The new guidelines require influencers to make sure they declare, beyond doubt, which content is branded. Here is a peek through the agency lens…
Who’s your favourite social media influencer? Let’s say it’s ‘B’. As per B’s latest Instagram Reel, she loves the face cream by this newly launched skincare brand. It suits her skin so much that she can’t go a day without it. She carries it almost everywhere in her bag. But wasn’t she vouching for another brand’s face cream just last month? The one she uses every time she steps out? The one that keeps her skin fresh all day long?
If only it was clearer that both her posts, where she is posing with the fancy cream bottles, were ads for the respective brands. In her defence, she used the ‘sponsored’ hashtag right after the three para description of the product ingredients in the caption. Wouldn’t you have consumed the content differently if you knew it wasn’t authentic, but a paid post?
To highlight this blurry line between a post being authentic or paid, the Advertising Standards Council of India (ASCI) has released new guidelines for social media influencers. The influencers will now have to disclose whether the content they have uploaded on social media is an ad or not before the consumer interacts with it.
The guidelines will also have an impact on the social media agencies handling these influencers.
So, how will the new rulebook change the lives of these agency folks? Here’s what the heads of some social media agencies have to say…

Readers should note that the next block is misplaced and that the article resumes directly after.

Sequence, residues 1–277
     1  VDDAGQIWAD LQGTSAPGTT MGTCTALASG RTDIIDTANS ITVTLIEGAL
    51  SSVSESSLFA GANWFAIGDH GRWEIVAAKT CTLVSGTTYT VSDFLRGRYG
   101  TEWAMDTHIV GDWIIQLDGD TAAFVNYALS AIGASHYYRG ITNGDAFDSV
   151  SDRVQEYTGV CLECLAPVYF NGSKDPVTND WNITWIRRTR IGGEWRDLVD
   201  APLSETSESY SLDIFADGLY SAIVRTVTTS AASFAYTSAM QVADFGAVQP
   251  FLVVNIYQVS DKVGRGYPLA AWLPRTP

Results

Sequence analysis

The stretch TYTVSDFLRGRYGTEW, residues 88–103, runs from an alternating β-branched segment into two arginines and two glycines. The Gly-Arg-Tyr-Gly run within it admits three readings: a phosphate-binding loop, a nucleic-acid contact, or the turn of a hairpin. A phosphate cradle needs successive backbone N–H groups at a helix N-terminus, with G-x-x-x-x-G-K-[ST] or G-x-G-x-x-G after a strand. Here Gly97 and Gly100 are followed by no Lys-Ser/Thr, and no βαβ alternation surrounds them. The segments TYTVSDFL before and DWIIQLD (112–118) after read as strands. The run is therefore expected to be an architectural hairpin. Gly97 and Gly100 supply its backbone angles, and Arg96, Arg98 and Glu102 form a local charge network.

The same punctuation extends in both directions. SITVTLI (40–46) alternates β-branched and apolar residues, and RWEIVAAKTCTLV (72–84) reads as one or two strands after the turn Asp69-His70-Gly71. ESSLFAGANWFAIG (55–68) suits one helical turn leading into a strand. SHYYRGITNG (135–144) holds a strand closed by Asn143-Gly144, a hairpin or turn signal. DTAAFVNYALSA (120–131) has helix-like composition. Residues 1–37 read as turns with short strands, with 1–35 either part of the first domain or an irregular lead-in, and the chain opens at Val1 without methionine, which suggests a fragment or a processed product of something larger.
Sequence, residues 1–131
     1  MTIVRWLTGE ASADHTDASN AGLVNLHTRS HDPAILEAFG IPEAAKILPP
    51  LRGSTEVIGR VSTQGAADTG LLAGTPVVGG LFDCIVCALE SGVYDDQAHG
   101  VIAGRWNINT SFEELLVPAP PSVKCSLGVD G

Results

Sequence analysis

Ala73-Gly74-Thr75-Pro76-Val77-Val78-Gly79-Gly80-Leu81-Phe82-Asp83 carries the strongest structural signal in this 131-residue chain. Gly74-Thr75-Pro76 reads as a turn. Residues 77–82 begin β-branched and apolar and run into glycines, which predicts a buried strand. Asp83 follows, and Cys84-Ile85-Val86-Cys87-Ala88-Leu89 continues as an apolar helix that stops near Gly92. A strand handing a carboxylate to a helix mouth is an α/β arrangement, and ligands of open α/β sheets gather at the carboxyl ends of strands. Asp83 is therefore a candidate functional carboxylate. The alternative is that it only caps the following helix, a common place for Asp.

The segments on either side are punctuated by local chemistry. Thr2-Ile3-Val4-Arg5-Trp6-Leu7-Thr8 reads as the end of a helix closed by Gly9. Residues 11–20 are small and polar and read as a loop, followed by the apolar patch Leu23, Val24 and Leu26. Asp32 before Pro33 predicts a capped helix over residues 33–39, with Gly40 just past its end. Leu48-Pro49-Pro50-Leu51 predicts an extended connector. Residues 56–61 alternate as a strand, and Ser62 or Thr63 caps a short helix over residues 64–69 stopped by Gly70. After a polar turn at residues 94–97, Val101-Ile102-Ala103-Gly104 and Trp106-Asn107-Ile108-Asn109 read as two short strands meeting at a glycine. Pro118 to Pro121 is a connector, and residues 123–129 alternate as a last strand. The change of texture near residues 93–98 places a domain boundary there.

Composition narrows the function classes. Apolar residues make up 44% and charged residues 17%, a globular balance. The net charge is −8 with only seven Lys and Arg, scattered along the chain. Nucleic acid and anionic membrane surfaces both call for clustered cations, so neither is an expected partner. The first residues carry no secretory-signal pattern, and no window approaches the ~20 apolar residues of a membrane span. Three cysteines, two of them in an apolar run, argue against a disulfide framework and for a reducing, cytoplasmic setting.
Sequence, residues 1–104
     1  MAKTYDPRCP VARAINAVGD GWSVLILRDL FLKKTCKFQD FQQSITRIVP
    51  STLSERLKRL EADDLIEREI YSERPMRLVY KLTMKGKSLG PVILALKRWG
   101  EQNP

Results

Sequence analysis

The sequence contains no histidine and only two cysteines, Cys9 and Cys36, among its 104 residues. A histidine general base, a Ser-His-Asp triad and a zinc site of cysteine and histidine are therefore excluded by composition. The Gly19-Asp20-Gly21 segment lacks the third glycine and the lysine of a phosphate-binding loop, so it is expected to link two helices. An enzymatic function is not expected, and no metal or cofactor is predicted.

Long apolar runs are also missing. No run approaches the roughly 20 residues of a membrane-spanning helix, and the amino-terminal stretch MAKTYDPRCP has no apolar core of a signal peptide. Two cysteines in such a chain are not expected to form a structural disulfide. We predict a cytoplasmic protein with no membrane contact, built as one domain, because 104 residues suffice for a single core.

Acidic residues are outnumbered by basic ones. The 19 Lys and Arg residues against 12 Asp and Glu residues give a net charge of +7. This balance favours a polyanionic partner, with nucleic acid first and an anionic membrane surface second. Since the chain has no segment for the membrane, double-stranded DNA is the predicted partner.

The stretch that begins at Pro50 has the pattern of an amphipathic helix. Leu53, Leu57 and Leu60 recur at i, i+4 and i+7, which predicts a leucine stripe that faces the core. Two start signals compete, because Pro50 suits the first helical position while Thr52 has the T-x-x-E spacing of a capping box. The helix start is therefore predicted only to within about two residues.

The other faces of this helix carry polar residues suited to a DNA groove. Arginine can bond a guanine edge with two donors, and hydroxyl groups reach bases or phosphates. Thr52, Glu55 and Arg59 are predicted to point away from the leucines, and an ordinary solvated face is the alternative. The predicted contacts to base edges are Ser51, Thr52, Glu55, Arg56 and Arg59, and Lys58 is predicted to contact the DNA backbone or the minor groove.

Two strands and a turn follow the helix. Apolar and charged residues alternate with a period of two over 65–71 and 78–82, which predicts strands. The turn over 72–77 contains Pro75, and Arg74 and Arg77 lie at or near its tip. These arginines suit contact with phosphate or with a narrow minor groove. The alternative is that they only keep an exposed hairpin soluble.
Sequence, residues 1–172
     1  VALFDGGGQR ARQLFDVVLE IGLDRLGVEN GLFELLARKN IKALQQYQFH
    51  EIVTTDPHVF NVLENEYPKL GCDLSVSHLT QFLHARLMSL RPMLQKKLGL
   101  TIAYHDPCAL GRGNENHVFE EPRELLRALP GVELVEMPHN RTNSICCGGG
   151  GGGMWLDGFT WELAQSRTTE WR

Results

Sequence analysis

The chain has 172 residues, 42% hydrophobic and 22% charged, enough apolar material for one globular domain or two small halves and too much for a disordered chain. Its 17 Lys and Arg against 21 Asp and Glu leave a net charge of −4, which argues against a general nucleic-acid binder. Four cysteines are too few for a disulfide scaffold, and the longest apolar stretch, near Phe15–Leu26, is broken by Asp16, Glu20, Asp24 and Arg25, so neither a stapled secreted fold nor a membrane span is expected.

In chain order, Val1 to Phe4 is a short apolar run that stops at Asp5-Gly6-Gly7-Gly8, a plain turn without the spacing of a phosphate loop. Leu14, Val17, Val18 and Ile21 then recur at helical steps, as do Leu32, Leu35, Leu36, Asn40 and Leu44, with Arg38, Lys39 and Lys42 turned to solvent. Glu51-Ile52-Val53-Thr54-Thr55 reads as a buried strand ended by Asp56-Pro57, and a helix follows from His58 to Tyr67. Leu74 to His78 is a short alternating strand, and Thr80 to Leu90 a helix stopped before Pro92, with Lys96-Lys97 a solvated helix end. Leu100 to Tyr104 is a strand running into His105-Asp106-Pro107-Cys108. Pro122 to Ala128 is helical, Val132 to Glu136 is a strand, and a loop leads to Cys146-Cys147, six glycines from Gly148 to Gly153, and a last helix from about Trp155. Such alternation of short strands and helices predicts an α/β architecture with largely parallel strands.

Ramya Ramachandran, founder & CEO, Whoppl – a Mumbai-based influencer marketing agency
The recent ASCI regulation is the need of the hour, since many brands in the beauty and skincare industry refrain from fully disclosing their association with the influencers for their respective reasons. The new rule will not only ensure transparency on all fronts, but also compel the agencies – along with the influencers – to come up with content that is more authentic, creative and well-thought out. It will ensure that they resonate well with the brand ethos and campaign objectives. This will enable us to push our creative boundaries to come up with influencer campaigns that are fully transparent, verified and much more thought-provoking in their creative space.
Having said that, we do feel that the new regulation has opened up a few grey areas. For instance, how do we account for influencer collaborations that are not ‘paid’ per se. as they could be in the form of giveaways, luxury holidays or gifted experiences in exchange of content and deliverables.
However, we are sure that these uncertain spaces will be clarified eventually and we all will be able to adopt this new, and a much-needed, change.
Ritesh Ujjwal, CEO, Kofluence – a platform that connects brands to social media influencers
We consider ASCI’s new guidelines as the right step towards conscious and responsible user generated-led content advertising. There are only a handful of social media users who can distinguish between paid influencer content and the regular content by influencers. Using this to their benefit, the influencers are promoting brands in exchange for a fee – left, right and centre.